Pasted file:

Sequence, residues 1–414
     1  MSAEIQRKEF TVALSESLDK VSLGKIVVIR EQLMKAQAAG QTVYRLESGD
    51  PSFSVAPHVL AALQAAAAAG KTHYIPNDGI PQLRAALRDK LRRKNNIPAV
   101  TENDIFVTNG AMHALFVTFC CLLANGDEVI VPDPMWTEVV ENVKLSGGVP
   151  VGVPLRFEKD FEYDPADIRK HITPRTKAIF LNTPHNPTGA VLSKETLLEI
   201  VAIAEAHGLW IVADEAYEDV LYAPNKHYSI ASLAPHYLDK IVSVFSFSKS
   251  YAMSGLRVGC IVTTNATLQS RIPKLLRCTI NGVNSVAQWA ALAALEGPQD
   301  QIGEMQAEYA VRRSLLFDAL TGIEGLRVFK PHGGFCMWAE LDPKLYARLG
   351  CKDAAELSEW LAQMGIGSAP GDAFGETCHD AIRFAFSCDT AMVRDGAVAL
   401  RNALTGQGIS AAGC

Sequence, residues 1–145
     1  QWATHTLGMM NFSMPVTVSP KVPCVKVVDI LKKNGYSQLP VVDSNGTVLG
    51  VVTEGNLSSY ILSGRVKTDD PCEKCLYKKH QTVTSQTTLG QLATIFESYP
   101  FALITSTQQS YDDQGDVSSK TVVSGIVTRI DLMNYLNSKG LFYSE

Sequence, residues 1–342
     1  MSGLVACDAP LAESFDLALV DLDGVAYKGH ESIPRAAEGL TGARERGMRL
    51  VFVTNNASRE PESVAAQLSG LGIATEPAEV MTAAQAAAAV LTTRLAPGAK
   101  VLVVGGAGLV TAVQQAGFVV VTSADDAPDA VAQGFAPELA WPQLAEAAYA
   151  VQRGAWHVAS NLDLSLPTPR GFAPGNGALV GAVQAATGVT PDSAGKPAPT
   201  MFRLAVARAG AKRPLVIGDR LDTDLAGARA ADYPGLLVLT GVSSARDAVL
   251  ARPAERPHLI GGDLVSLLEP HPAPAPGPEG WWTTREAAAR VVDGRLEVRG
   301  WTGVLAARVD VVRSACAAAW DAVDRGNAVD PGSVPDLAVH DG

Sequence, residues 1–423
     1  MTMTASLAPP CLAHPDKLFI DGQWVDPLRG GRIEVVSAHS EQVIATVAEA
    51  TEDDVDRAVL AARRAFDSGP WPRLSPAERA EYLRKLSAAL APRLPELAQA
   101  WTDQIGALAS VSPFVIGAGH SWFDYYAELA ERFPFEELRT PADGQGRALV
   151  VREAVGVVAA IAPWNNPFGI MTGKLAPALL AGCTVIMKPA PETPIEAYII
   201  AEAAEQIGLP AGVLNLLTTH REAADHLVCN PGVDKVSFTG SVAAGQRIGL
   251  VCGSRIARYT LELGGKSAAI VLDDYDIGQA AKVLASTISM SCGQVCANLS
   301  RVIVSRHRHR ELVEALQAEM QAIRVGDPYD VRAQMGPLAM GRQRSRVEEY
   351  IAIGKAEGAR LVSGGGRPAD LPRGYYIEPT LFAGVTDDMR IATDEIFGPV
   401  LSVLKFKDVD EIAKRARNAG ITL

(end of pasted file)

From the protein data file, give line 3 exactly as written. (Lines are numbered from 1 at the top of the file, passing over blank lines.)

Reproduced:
    51  PSFSVAPHVL AALQAAAAAG KTHYIPNDGI PQLRAALRDK LRRKNNIPAV